West Ham United manager Sam Allardyce was left to wonder what might have been after a controversial penalty saw his side beaten 2-1 by Barclays Premier League title chasers Liverpool.
The Hammers were beaten by two penalties at the Boleyn Ground on Sunday, one of them controversial and the other less so, while the hosts' own strike also sparked a huge amount of debate.
Liverpool had hit the crossbar through Luis Suarez before the same player forced James Tomkins to handle the ball inside his penalty area a minute before half-time. Steven Gerrard converted from the spot, but within two minutes West Ham were level when Guy Demel poked home following a Mark Noble corner. However, it was Andy Carroll's challenge on Simon Mignolet before the ball dropped to Demel which had the assistant initially raising his flag before referee Anthony Taylor finally awarded the goal despite strong protests.
Into the second half and Carroll thumped a header against the crossbar before yet another moment of controversy with 21 minutes to go. Jon Flanagan got in behind the back four, but Adrian clearly made contact with the ball before the left-back went to ground, but Mr Taylor blew his whistle and pointed to the spot. Again, Gerrard beat the Spanish goalkeeper from 12 yards.
There was still time for Suarez to hit the bar for a second time as Liverpool saw out a win that lifted them back to the top of the table.
For Big Sam, the manner of the defeat left a sour taste in the mouth, and led to the boss calling for match officials to become full-time professionals and to work with the same colleagues in every match.
"The talking points were the wrong talking points, if I'm honest," said the manager. "I can be disappointed if we lose because the opposition have outplayed you, but I can't today. It was one of those game when we needed to be at our best, and I thought we were.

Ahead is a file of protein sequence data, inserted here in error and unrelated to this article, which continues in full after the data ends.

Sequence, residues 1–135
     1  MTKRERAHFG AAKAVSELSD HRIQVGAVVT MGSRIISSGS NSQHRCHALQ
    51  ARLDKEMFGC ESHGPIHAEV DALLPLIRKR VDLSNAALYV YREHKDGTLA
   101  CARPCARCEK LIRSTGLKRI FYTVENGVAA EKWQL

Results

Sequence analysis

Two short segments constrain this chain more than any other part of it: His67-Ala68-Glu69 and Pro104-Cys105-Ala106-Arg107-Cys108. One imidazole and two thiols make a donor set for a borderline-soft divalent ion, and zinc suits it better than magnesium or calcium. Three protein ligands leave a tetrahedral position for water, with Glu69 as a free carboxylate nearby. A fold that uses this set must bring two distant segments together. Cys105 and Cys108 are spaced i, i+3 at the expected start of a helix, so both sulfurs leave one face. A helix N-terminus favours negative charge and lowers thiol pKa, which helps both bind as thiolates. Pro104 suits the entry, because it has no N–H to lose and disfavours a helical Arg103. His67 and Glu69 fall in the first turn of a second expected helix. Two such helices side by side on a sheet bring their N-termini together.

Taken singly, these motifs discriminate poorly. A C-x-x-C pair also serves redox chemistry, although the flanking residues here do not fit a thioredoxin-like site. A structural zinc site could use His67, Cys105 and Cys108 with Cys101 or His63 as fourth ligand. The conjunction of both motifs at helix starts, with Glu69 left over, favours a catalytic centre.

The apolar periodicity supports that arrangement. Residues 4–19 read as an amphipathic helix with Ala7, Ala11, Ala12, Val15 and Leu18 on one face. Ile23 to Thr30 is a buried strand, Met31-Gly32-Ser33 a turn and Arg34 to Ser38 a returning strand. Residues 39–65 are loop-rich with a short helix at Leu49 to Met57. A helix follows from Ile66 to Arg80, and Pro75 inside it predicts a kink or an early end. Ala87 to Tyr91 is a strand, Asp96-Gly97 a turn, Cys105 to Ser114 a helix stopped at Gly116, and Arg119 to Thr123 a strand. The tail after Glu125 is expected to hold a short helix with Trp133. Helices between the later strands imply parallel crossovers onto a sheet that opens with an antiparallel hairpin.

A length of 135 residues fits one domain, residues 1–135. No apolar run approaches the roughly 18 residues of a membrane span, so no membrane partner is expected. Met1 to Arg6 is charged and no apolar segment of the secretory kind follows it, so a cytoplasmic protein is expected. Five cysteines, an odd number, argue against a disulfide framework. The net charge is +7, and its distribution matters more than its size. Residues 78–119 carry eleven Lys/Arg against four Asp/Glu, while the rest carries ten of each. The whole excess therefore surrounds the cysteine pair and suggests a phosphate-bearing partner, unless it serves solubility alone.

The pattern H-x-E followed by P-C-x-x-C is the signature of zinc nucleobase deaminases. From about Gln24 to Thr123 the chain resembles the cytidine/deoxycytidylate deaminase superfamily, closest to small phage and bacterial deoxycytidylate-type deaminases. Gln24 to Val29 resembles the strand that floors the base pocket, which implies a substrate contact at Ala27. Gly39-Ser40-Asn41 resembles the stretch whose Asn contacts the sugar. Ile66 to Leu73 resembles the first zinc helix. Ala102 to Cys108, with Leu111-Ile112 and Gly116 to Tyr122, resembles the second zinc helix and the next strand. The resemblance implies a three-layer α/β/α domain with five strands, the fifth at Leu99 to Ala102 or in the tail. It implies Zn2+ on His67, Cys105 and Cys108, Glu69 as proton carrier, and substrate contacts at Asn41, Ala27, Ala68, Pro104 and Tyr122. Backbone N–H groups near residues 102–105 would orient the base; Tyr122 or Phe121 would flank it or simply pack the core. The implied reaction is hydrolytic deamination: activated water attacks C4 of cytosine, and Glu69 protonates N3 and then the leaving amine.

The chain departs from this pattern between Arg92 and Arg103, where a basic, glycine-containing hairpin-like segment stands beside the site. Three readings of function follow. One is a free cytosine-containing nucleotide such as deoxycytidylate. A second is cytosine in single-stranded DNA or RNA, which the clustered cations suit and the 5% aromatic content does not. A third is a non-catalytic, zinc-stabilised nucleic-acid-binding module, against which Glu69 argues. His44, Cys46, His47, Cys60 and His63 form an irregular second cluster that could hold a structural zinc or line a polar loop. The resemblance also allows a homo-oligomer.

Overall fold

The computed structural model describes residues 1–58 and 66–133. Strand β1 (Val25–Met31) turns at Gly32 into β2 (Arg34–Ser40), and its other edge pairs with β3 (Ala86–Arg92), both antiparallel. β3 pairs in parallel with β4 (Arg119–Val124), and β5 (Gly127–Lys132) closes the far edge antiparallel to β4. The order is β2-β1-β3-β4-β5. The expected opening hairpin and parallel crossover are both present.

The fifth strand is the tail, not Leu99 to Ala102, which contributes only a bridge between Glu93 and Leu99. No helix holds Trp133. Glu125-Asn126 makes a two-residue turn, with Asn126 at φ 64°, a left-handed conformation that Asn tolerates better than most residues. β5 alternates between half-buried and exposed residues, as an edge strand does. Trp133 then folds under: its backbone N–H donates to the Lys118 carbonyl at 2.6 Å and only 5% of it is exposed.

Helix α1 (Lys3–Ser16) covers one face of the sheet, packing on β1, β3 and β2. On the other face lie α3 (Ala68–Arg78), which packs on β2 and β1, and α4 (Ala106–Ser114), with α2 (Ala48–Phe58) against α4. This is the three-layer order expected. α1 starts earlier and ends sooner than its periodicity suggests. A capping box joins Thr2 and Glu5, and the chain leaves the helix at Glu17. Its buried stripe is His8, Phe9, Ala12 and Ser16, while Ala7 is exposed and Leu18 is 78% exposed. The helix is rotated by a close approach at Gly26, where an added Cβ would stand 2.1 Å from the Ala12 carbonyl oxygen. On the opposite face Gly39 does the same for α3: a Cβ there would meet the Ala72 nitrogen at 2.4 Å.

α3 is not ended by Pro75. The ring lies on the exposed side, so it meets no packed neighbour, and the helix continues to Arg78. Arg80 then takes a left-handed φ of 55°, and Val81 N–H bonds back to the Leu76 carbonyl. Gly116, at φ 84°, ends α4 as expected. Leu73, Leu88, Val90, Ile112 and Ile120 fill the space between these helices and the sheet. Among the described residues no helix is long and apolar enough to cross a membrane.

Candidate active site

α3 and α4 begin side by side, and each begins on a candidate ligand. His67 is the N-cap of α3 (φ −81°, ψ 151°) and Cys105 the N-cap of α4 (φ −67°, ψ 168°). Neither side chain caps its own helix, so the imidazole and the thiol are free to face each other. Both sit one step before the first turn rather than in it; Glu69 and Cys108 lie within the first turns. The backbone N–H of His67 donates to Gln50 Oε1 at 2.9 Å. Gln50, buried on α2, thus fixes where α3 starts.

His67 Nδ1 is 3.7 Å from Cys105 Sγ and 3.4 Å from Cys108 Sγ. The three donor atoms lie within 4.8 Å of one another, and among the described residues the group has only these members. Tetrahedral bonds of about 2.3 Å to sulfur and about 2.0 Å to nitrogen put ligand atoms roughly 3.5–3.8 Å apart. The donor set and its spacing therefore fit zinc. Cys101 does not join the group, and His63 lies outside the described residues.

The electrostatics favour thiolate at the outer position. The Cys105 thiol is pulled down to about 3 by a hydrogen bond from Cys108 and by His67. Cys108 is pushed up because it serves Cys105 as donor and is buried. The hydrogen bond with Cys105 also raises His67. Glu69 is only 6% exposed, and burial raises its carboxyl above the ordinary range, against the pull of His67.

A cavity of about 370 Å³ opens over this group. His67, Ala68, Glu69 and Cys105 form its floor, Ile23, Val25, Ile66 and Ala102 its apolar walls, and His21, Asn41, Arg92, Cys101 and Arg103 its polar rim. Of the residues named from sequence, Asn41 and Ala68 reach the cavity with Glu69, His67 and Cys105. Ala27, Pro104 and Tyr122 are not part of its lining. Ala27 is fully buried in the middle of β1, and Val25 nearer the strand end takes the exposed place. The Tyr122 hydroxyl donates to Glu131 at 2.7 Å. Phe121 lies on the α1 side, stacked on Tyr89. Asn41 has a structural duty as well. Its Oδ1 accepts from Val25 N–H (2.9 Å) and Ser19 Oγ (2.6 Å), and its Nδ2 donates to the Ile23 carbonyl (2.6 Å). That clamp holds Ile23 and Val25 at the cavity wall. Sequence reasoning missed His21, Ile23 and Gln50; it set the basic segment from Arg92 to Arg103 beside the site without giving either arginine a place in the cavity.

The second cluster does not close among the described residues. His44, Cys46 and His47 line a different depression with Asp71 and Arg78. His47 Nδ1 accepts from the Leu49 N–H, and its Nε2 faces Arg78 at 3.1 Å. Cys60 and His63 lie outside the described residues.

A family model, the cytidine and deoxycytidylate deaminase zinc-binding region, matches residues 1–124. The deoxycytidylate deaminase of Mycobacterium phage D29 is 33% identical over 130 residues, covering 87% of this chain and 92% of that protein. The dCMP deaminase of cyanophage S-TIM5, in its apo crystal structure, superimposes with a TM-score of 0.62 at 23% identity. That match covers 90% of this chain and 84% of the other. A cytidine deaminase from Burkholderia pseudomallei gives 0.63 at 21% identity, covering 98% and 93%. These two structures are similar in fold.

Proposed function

"It's a game where we really challenged Liverpool, but across the board the controlling factors and managers of the game are the officials and I don't think they managed this game very well at all. It's left me feeling a deep regret and sadness because we don't want games decided by decisions that were incorrect.
"I know it looked like Andy has fouled the keeper, but bizarrely the referee gave the goal and the assistant flagged up from 35 yards away and you never see that, so why is that? Then, with five minutes to go, the assistant was five yards away from Matt Jarvis being fouled and he didn't give but the referee did.
"Communication between the officials is something we have talked about at League Managers' Association level, saying that they need to be a threesome and be together all season so the communication and understanding gets better. It's clear it's a big problem for us, because it doesn't happen, and they are still part-time and do their job and go home.
"At this level, it's all right having goal-line technology which has made some fantastic decisions, but some of the decisions made by the officials are not."
When asked what he made of the controversial decisions, Big Sam said both West Ham's goal and Liverpool's second penalty could easily not have been awarded.
"I think the referee found it very difficult and the two decisions you could say were really controversial were our goal and the second penalty. For our goal, Andy might have got a hand on Mignolet and might have put him off.
"I've not problem with the first penalty, which is a penalty, but the second one Adrian plays the ball and Flanagan takes a dive over his hand to try to get the penalty and he succeeded.
"We still might not have got anything out of the game because they might have scored in open play, and that's fine by me. I'd sooner lose a game that way. In the end, with all Liverpool's talent they had to rely on two penalties to beat us."
While the decisions will dominate the headlines on Monday morning, the manager also pointed to Carroll's 61st-minute header, which cannoned back off the crossbar instead of flying into the roof of the net to put West Ham in front, as a big turning point in a see-saw match.
"If you look back now, Andy's header hitting the bar was a key moment because I would be stood here with a result if it had gone in. It might not have been a win, but I certainly don't think we would have lost from that point because we were defending so well. If we'd scored a second, Liverpool would have taken more chances and we'd have had more space to exploit them and had something to hang onto if we got 2-1 up.
"That was a bit unlucky because it was a super header and instead of going in, it hit the bar and came out. All in all, everybody tried their very best and gave all they had got, but for one reason or another it was a disappointing end to a game we were all looking forward to and played well in."